Why is Jeremiah 10:11 written in Aramaic?

Jeremiah - Wikipedia

Jeremiah 10:11 is the only verse in the book of Jeremiah written in Aramaic and not in Hebrew. What necessitated Jeremiah to switch languages in the middle of his prophecy? Did Jeremiah have a specific purpose in using Aramaic? Or, did a later scribe insert the verse in Aramaic?

Thus you shall say to them, “The gods that did not make the heavens and the earth shall perish from the earth and from under the heavens.” Jeremiah 10:11

Generally two reasons are found among commentators regarding why Jeremiah contains an Aramaic verse. First, as the translators of the New English Translation observe, many scholars believe that verse 11 is a gloss inserted by a post-exilic scribe. J. P. Lange argues, “Jeremiah would certainly not have interrupted a Hebrew discourse by a Chaldee [Aramaic] interpolation, when he elsewhere never uses this language, not even in the letter to the exiles” in chapter 23.

Second, other commentators contend that Jeremiah is instructing the exiled Jews on how to respond in exile in the face of idolatrous temptations (Aramaic was the lingua franca of Babylon and the exiles). The Targum of Jeremiah (the Aramaic translation of the book of Jeremiah) takes this approach as well. In fact, the Targum of Jeremiah states that 10:11 is part of a letter sent to the elders in exile. The Targum of Jeremiah 10:11 begins,

This is a copy of the letter that Jeremiah the prophet sent to the rest of the elders of the exile who were in Babylon, that if the nations among whom you are (living) say to you, “Worship the idols, O house of Israel,” so you shall reply and so you shall say to them . . .

Despite the change from Hebrew to Aramaic, verse 11 fits naturally within chapter 10 (for those interested see Garnett Reid’s insightful article listed below). Jeremiah begins with describing the vanity of idols (10:3-5, 8-9). He then shifts towards a description of the true God (10:12-13). Verse 11 smoothly transitions the discussion from the worthlessness of idols to the worthiness of the true God.

But why Aramaic? As the Targums and other commentators argue, Jeremiah has in mind the Jews in exile. The Targum to Jeremiah may be correct: verse 11 may be part of a letter sent to the elders already in exile. Whether or not the verse is part of a letter, Jeremiah is instructing those in Judah on what to say when they are in exile. Jeremiah’s instruction is evident by the wording of verse 11. “Thus you shall say”: the “you” of this clause refers to the Jews to whom Jeremiah is speaking (10:1). “To them”: this refers to the Babylonians, the very people the Jews live among in exile (8:19; 10:17-18). Jeremiah, then, is saying, “Thus you, O Jews, shall say to the Babylonians—the people you live among—when they tempt you to worship idols (10:2) . . .” The question remains, could Jeremiah have accomplished the same purpose in Hebrew?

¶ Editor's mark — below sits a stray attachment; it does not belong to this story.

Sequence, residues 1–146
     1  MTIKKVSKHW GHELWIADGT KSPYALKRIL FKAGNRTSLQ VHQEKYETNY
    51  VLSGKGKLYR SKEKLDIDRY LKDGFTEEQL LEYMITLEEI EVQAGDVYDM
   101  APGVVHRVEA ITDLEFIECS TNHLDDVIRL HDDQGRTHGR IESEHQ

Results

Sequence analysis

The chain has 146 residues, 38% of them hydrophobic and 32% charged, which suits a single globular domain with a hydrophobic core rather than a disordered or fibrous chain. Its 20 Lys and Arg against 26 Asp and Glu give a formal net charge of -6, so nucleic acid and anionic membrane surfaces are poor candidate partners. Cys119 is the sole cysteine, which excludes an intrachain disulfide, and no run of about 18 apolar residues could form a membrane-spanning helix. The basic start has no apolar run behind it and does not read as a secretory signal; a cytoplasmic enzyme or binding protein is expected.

Reid makes a compelling argument that Jeremiah 10:11 is a summary of the Jews’ theology “designed as a kerygmatic challenge they are to deliver to their Babylonian captors” (p. 238). Certainly Jeremiah places the Babylonians on notice with this lone Aramaic statement in the prophecy. It is also possible to consider that the Aramaic of Jeremiah 10:11 adds weight to Jeremiah’s prophecies as a whole.

In the surrounding context of Jeremiah 10:11 (ch. 4-6, 10:17-18), Jeremiah tells of the coming destruction of Jerusalem by “a people from the north land” (6:22). Coming out of the reforms of Josiah (2 Kings 23), Judah must have felt secure; the foretelling of destruction and exile by Jeremiah would have sounded strange on the ears of Judah’s inhabitants. In fact, Jeremiah 7:1-11 demonstrates that the Jews had a false sense of security; they thought that the presence of the temple and that the offering of sacrifices secured their safety. Jeremiah regularly pleads with the people to submit themselves to Nebuchadnezzar (Jer. 27; 28; 40:9) in the face of the coming exile.

The Jews demonstrated a persistent state of unbelief. Jeremiah’s switch to Aramaic in 10:11 would certainly add weight to his prophecy that the nation will be carried into exile. Why would Jeremiah instruct his audience to respond in Aramaic unless they were to dwell in an Aramaic-speaking land? Certainly Jeremiah did not need to seek for proofs of the truthfulness his prophecies; the fact that he spoke the words of God (Jer. 1:2; 10:1) was evidence of its truthfulness. On the other hand, it was the hard hearts and deaf ears of God’s people that needed confirmation of the truthfulness of Jeremiah’s words.

Far from being a mere addition by a later scribe, the Aramaic of Jeremiah 10:11 plays a vital function in the prophecies of Jeremiah.

Resources:

See a summary of opinions on Jeremiah’s use of Aramaic at BibleHub.

“‘Thus you will say to them’: A Cross-Cultural Confessional Polemic in Jeremiah 10.11” by Garnett Reid. Journal for the Study of the Old Testament vol. 31.2 (2006): 221-238.

Image credit:

https://en.wikipedia.org/wiki/Jeremiah

Published by Richard C. McDonald

I am married to Nancy McDonald and we have two boys, Noah and Stephen. I am a high school history teacher at Whitefield Academy in Louisville, KY. I am also an adjunct instructor of Old Testament Interpretation at the Southern Baptist Theological Seminary and Boyce College. I am a fan of LSU, and college football in general. My family and I are members at Sojourn Church-JTown in Louisville, KY.

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